AAEX Zoom Making

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We have decided to re-purpose Zoom for collaborative creative practice and develop a set of Zoom sessions that allow us to work together (or at least alongside each other) for a set time and record this in Gallery view, producing grid view recordings as collaborative artworks in their own right.

The first such session took place on Wednesday, 18th October 2020. 16 AAEX artists took part in the session, in which cameras were turned away from the participants onto a work or performance space of their choice. Instead of participant’s names, snippets of poems and other text were displayed.

List of participants and short statements about their contributions (left to right in the grid view):

Bernhard GaulAAEX spelled in flag alphabet
Jenny SlaterMy piece was a tableau of objects that I found during lockdown, on walks around my local area and in my garden. It was also about the opportunity the lockdown gave me to re-find or reconnect with a deeper sense of self through working with nature.
Ciara AgnewI am working on wood and a stretched linen canvas, I’m working with oil paints, charcoal, pencils and palette knives. I have no predetermined idea what the finished piece should look like, I’m playing with materials and colours.
Catherine McCourtI was thinking about how this lockdown is all about the promise of Christmas spent with loved ones. For my zoom video I started to make Christmas tree decorations to gift to my family which I hope to give to them in person after these restrictions are lifted.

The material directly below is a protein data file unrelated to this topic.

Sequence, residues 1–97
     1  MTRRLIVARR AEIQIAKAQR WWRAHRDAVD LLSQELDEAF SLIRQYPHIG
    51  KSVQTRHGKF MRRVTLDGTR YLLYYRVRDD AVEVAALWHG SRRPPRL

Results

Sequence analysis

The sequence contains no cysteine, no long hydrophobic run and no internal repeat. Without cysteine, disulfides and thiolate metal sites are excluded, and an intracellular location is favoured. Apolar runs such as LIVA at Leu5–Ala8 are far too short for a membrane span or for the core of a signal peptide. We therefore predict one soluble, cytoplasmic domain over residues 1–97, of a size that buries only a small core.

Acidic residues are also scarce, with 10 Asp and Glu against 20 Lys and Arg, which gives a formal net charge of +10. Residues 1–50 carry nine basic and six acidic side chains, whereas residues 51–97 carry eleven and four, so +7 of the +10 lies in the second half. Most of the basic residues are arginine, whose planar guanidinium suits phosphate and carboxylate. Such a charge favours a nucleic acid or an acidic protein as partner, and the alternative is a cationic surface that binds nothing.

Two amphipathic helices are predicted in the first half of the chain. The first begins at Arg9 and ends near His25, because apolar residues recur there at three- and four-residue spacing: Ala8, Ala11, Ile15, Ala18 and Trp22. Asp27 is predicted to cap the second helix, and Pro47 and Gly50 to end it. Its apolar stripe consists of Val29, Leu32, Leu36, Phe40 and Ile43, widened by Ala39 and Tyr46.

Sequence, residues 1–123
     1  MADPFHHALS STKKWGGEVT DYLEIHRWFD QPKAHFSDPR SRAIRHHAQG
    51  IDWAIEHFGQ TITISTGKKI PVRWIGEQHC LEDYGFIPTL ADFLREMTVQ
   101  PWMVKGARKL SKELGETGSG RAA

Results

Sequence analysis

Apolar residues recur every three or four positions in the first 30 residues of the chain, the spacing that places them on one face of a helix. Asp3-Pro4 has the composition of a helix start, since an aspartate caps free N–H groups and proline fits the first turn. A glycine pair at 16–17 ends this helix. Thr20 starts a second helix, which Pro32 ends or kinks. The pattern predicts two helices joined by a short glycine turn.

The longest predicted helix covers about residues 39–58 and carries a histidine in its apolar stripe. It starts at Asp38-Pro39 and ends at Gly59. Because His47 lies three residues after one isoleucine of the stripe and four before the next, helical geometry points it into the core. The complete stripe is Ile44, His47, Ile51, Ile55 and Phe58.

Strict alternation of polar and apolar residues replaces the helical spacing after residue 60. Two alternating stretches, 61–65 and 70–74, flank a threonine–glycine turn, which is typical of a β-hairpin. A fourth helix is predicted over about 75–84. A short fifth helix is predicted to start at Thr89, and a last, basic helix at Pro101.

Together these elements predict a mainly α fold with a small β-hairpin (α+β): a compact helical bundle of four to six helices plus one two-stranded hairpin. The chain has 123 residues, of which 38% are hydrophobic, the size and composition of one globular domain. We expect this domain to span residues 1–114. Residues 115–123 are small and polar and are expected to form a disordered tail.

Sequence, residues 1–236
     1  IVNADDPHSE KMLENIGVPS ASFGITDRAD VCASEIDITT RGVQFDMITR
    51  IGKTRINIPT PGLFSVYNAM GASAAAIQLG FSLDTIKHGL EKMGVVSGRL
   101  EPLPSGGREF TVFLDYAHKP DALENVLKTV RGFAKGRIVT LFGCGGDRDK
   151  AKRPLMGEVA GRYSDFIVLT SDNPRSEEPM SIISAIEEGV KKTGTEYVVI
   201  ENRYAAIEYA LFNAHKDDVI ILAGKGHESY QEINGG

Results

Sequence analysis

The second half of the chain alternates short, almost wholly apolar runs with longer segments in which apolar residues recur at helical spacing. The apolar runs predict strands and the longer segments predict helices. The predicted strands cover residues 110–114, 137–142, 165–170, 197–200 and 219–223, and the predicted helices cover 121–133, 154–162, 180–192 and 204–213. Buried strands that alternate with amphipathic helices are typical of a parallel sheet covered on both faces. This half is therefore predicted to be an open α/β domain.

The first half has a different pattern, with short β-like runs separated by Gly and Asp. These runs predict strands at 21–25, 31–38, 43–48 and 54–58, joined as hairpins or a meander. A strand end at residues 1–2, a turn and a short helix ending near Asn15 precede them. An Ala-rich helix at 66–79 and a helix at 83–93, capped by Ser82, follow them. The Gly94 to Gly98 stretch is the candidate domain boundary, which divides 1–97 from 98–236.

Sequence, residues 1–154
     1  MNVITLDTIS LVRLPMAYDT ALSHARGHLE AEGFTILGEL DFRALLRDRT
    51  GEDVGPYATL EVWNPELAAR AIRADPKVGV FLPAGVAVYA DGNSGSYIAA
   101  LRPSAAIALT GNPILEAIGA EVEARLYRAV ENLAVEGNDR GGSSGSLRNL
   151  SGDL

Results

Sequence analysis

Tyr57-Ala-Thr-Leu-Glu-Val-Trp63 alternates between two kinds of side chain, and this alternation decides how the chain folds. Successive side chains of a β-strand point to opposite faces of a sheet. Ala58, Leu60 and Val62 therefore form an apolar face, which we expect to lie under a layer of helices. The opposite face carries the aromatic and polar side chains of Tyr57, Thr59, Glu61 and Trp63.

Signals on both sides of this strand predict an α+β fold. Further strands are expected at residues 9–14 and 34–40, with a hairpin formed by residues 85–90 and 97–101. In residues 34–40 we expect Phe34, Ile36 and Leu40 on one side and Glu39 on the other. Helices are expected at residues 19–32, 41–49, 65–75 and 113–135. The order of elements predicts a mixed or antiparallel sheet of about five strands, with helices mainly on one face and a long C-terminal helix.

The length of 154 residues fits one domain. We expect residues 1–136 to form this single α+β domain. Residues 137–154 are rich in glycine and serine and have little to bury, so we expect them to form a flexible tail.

Jean MarshallMala Meditation Necklace – 
“For every knot I make, I untie a knot within myself!”
Geraldine MartinI painted words in black on an old yellow brick – A time to embrace and a time to refrain from embracing , because of Lockdown. This brick was at the farm. The lines were from Ecclesiastes. I was really experimenting with what I could do with old bricks.
Aileen DurkanI used a symbol of the labyrinth as a means of self-exploration and reflection, a way to find stillness in the storm. 
Michael StaffordOut of necessity, my work was made in my house and not in my studio where there is no Internet coverage, so I decided to use my laptop to be creative on. With no preconceived ideas on what to do, I scrolled through my folder called collected images and found a photo of a magpie. I use the bird as a symbol often in my work, superstition, fear hope, I leave it to the viewer. So in Illustrator I quickly made the paths and layers to make an illustration of the magpie. I then set about making a back ground then followed it by more spontaneous images to build a small narrative maybe slightly ambiguous and open to interpretation. It looks fresh because I felt unrestricted by the fact that it wasn’t preconceived……
Sinead McCourtMedium :wet felt ,beads and threads